14. Hello my name is hector and I did the same mistake. For financial reasons I went exempt the hole year and I made close to 100,000.00 I have 5 kids would that help me in any way not to go over? or will I still have to pay? Or maybe by luck get some money back? Any suggestions?

  15. My dependent child worked last summer before entering college. She earned approximately $6,000. Can I still claim her as a dependent and/or does she have to file as an independent? I am supporting her.

  16. I’m in the same boat as a lot of people i seen comment on here. I always file 0 for exempt but I’m getting a bonus soon and want to get more money but i don’t want to do anything to hurt me at the end of the year. Will it hurt me to file 1 or 2 exemptions for 1 paycheck will it make that much of a difference when i file at the end of the year.

    • If you only file 1, which is what I do you will be fine. filing single 1″ they take almost as single 0. Since learning about filing exempt and the bad experience I had with it, I now always file singe 1 and this year I am getting a refund. 2 won’t hurt you either but really 1 is pretty good and you most likely will get a refund at the end of the year.

  17. Hello, I have a question for you for the year of 2014 I have had federal taking out of my check I stopped working in July I received 2 more paychecks but I filed exempt for the last two paycheck I still will be able to file and get a tax refund right I have 2 dependents.

  18. Turbo Tax Lisa- I saw several unanswered questions on the same topic, but hope you may assist. At my company (in Illinois), each employee may change their elections each pay period. I filed exempt twice for a total of 6-8 pay periods and switched back each time (as soon as financially possible). Several checks I withheld nearly my whole check by entering a $ amount – this was so the $ impact of clicking except is lessened or hopefully offset. I plan to have my last checks of year set appropriately to non-exempt so it’s correct on my tax forms. At no point should I be exempt status but I needed the $ financially, but I later tried to pay back in subsequent checks. Will I be somehow penalized for electing except just for financial need? Will I be targeted for audit?

    I appreciate your professional advice. Thank you

  19. Hi I’ve filed exempt from March – October if I stop filing exempt now will I receive a refund check? I average around 26,000 and I claim 1 dependant.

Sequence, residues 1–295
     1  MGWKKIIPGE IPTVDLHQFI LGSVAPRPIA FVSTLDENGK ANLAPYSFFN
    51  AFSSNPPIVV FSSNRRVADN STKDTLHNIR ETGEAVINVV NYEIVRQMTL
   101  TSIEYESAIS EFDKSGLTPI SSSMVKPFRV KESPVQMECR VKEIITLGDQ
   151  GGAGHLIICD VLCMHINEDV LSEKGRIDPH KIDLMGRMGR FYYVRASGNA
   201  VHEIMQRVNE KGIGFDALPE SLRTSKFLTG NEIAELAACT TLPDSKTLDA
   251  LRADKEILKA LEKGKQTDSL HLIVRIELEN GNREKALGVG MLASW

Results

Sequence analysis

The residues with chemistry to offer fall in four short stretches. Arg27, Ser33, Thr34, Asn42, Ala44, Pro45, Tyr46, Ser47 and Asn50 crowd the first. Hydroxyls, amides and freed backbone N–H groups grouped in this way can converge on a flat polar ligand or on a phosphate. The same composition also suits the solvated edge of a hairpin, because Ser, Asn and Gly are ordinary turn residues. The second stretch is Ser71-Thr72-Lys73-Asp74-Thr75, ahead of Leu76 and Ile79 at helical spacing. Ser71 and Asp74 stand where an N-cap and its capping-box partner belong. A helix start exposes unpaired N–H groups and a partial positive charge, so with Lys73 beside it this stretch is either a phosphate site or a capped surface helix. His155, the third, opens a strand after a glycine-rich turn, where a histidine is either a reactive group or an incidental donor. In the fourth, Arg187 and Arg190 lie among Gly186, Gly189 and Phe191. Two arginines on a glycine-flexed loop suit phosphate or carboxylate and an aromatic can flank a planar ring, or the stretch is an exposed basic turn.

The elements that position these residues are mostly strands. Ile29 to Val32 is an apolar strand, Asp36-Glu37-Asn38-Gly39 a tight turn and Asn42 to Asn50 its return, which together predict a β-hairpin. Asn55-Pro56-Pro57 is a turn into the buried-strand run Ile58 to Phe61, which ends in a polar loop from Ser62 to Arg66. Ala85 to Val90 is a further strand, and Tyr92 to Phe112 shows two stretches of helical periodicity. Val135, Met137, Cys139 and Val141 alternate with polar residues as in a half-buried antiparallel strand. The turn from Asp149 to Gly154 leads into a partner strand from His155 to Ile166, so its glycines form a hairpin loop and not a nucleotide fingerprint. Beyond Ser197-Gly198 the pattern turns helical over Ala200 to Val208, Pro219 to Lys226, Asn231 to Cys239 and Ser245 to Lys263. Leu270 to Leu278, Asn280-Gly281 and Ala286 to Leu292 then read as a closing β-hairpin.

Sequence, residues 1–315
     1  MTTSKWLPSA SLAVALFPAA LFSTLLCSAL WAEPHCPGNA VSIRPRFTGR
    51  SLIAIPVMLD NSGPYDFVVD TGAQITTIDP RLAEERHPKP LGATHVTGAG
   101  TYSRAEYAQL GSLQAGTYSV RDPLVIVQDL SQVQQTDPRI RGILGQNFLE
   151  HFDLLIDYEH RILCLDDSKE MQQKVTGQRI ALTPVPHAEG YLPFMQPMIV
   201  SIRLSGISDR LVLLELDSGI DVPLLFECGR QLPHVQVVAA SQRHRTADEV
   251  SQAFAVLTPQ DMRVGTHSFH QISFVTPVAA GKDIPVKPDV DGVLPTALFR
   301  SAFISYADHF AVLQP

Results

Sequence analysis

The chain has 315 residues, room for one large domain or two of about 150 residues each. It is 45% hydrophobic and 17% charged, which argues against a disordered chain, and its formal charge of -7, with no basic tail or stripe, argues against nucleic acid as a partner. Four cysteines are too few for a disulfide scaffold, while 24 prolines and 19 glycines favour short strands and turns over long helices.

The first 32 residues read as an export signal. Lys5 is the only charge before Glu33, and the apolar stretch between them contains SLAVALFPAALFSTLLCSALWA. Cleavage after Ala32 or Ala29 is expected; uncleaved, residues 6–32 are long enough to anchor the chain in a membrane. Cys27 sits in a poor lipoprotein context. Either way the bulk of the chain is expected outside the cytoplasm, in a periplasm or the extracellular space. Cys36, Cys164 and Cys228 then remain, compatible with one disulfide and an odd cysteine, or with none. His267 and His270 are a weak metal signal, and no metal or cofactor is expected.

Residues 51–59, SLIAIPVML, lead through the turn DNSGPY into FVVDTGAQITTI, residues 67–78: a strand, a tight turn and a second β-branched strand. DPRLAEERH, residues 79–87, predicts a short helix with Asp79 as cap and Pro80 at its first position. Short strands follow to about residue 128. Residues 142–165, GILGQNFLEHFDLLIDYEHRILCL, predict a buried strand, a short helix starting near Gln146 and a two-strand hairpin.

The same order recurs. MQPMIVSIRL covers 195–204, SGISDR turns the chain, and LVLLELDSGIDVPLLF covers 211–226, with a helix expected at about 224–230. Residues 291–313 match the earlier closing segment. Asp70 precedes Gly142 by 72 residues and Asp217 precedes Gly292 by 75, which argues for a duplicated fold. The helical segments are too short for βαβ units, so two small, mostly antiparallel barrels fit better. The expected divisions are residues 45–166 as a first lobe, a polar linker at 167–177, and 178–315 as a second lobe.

20. Hello Turbotax, I have never owed taxes for as long as ive been working. Im just wondering. With the amount of taxes I pay, and the fact I still dont even make my full fed tax back. Am I able to atleast claim exempt 1-4 times a year without risk of owing the federal govt? Im on my way to net 27k and ive already payed over a 1/4 of it in taxes. Considering ive never owed the fed since I started working at 16 am I safe to say I would be able too?

  21. Hello I been working all year and I wanted to go exempt for a week or 2 and I wanted to know how would that affect me when it’s time to file my taxes will there be a deduction in my tax return

  22. Hello, I make 40,000 a year, have 2 kids,pay $95 in daycare a week and own my house. I filed exempt 3 months ago. Will this hurt me? I don’t mind paying the IRS, my concern is making sure this is not an issue with the IRS by claiming exempt. I don’t want to be in trouble with them. Thanks in advance!

  23. I just started a new job at the end of may. Can I file exempt since i began work in the middle of the year? I did not work or file taxes last year due to being in nursing school. I do have two dependents.

  24. An employee wants to file exempt, since he is in school, and is working part-time through the school year, and full time over the summer.

    He must still have SS deducted out, correct?

  25. My 17 yr recently started working. He is making minimum wage ($8 an hr) and roughly about 11 hrs a week. Is he able to file exempt? I am not quite understanding the exemptions. Thank you

  26. cant I just file exempt now if I need the money for a few months as long as I pay the difference at tax time,as long as they get their money what difference does it make

      • I just want to know if I made a mistake and filed zero on my w-4 form, and I wanted to put two cant I correct it because they are withholding too much taxes out of my check so I want to correct that mistake, and who should I talk too.